For 2010, the Chevy Impala is offered in three basic trim levels including the LS base model, midrange LT and top-of-the-line LTZ. Entry-level LS models come standard with 16-inch steel wheels, dual-zone air-conditioning, front bucket seats with a six-way power driver seat, full power accessories, a tilt steering wheel, OnStar and a six-speaker CD audio system (with satellite radio and an auxiliary audio input jack). Stepping up to the LT gets you 16-inch alloy wheels, remote engine start, a compass and outside temperature display.

Spring for the top-of-the-line LTZ and you get 18-inch alloy wheels, a slightly firmer suspension, heated outside mirrors and a rear spoiler. Interior goodies include leather upholstery, heated front seats, a power passenger seat, an auto-dimming rearview mirror, Bluetooth and a premium Bose eight-speaker audio system.

The Impala's option packages make it possible to add many of the desirable standard features found on the LTZ to the less expensive LT. The LS and LT can also be ordered with a front bench seat, while the LT and LTZ trims can be had with an optional sunroof.

Powertrains and Performance

The 2010 Chevrolet Impala is offered with your choice of two different powertrains. LS and LT models come equipped with a 3.5-liter V6 that produces 211 horsepower and 216 pound-feet of torque. A 3.9-liter V6 that puts out 230 hp and 235 lb-ft is standard on top-of-the-line LTZ versions only. Both engines are mated to a four-speed automatic transmission that drives the front wheels and both engines return respectable EPA fuel economy estimates. The 3.5-liter V6 is rated at 18 mpg city/29 mpg highway and 22 mpg combined, while the 3.9-liter engine numbers drop to 17 city/27 highway and 21 mpg combined.


The Impala's list of standard safety equipment includes antilock brakes, electronic stability control, side-impact airbags for front seat occupants and side curtain airbags that cover both rows. The OnStar emergency communications system is also standard.

In government crash testing, the Impala earned the highest possible five-star rating in frontal crash tests; for the side-impact tests, it emerged with five stars for front passengers and four stars for rear seat occupants. Tests conducted by the Insurance Institute for Highway Safety rated the Impala's performance as a second-best "Acceptable" in frontal crashes and a top rating of "Good" in side impacts.

Interior Design and Special Features

The interior of the 2010 Chevrolet Impala is a microcosm of all that's right and wrong with this full-size sedan. From a design standpoint, the Impala's interior gets points for overall quietness and the straightforward layout and operation of its gauges and audio/climate controls. That said, its uninspired styling and the use of low-grade materials on some trim levels makes the cabin feel a bit utilitarian.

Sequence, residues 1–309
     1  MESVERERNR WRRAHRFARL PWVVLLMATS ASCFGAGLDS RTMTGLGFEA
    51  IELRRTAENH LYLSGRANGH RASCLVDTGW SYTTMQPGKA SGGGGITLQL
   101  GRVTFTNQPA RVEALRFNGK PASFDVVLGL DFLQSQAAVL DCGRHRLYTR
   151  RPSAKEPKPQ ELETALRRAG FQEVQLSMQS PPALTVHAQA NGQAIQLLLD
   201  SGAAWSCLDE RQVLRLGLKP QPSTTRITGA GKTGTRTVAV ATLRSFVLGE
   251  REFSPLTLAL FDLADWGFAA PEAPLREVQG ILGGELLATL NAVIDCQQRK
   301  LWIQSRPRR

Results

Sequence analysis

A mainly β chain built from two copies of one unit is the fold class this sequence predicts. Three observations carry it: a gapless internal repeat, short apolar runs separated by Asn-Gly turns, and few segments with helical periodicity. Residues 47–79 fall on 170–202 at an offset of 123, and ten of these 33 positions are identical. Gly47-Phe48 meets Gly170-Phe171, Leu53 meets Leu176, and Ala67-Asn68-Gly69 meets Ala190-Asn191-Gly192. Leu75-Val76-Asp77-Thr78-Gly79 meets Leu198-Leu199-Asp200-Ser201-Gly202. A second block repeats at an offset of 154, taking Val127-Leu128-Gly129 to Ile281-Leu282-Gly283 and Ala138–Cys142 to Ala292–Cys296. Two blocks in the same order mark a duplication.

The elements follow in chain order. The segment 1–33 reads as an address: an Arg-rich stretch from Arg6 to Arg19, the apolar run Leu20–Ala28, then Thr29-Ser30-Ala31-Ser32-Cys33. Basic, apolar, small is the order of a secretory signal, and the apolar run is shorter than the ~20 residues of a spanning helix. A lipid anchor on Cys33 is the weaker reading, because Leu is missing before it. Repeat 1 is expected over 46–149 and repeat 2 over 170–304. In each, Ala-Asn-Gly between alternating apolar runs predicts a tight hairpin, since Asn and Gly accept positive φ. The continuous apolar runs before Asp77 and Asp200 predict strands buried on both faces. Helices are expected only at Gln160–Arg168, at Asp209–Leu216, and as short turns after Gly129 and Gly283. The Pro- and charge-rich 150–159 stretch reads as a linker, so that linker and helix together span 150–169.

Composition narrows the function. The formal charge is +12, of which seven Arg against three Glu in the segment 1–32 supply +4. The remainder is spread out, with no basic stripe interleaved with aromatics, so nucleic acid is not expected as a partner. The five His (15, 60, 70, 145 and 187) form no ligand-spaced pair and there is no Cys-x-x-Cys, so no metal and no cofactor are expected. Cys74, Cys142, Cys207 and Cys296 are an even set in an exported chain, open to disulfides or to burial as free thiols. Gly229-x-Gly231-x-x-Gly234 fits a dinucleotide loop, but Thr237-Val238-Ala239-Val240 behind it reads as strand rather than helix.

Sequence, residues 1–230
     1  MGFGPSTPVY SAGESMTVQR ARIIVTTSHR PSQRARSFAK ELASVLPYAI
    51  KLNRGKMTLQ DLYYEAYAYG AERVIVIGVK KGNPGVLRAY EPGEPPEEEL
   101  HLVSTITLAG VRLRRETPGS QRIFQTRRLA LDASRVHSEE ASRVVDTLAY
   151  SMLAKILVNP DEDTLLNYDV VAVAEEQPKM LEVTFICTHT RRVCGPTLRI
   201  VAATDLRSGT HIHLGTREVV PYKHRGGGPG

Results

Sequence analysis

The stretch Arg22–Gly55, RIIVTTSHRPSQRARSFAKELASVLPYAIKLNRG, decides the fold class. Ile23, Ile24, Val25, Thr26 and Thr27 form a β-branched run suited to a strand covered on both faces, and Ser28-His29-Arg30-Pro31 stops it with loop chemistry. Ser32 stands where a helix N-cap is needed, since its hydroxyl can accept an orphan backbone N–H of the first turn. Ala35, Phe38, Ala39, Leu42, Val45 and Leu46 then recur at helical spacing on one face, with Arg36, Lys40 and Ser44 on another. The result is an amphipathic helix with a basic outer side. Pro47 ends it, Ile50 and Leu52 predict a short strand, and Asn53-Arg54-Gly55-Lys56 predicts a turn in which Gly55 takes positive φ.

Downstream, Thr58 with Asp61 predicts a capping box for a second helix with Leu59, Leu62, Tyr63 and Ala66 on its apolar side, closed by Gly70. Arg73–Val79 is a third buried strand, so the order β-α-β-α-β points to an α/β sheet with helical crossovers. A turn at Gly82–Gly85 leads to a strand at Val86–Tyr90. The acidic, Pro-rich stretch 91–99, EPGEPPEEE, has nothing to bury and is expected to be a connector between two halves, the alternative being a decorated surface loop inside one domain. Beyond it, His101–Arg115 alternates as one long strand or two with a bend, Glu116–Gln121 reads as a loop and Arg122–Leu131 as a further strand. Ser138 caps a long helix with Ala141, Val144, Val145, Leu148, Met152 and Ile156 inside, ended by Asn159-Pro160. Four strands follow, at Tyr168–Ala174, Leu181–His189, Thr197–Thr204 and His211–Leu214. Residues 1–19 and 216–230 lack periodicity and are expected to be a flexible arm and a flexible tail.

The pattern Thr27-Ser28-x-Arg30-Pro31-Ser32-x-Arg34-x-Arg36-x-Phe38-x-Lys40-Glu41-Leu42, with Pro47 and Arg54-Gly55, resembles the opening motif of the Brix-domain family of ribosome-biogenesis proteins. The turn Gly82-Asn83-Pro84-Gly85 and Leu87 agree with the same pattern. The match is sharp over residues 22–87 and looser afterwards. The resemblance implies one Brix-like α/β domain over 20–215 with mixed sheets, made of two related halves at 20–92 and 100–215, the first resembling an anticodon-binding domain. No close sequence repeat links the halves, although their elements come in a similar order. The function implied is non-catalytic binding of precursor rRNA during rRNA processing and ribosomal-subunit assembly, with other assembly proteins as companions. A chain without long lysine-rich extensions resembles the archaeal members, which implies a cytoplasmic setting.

Viewed from a strictly practical perspective, though, it's hard to argue with the Impala's cabin. There's seating for up to six passengers -- something that's increasingly rare in modern sedans -- with the 40/20/40-split front bench that's offered as an option on LS/LT models. Hip- and shoulder room is good all around, though competitive models offer a bit more legroom.

The spacious trunk will swallow more than 18 cubic feet of cargo which, while not class-leading, is still fairly impressive. The fold-flat rear seatbacks and large trunk pass-through (an option on LS/LT models and standard on LTZ) make it possible to carry longer items with the trunk lid closed.

Driving Impressions

When it comes to driving the 2010 Chevrolet Impala, the "competent but uninspiring" trend continues. Now that the sportier SS model is history, we're left with two available powertrains that produce acceleration that can best be described as adequate. While both engines are fine for casual motoring, they begin to feel rather anemic when driven back-to-back with the significantly more robust V6s under the hoods of the Impala's competitors.

The Impala's suspension is tuned to emphasize comfort, and it delivers an exceptionally smooth ride. Naturally there's a price to be paid for this cushiness, namely relatively lackluster handling that encourages a slow-but-steady approach to winding roads.

Talk About The 2010 Impala

Gas Mileage


  • 18
  • cty
  • 29
  • highway
Calculate Yearly Fuel Costs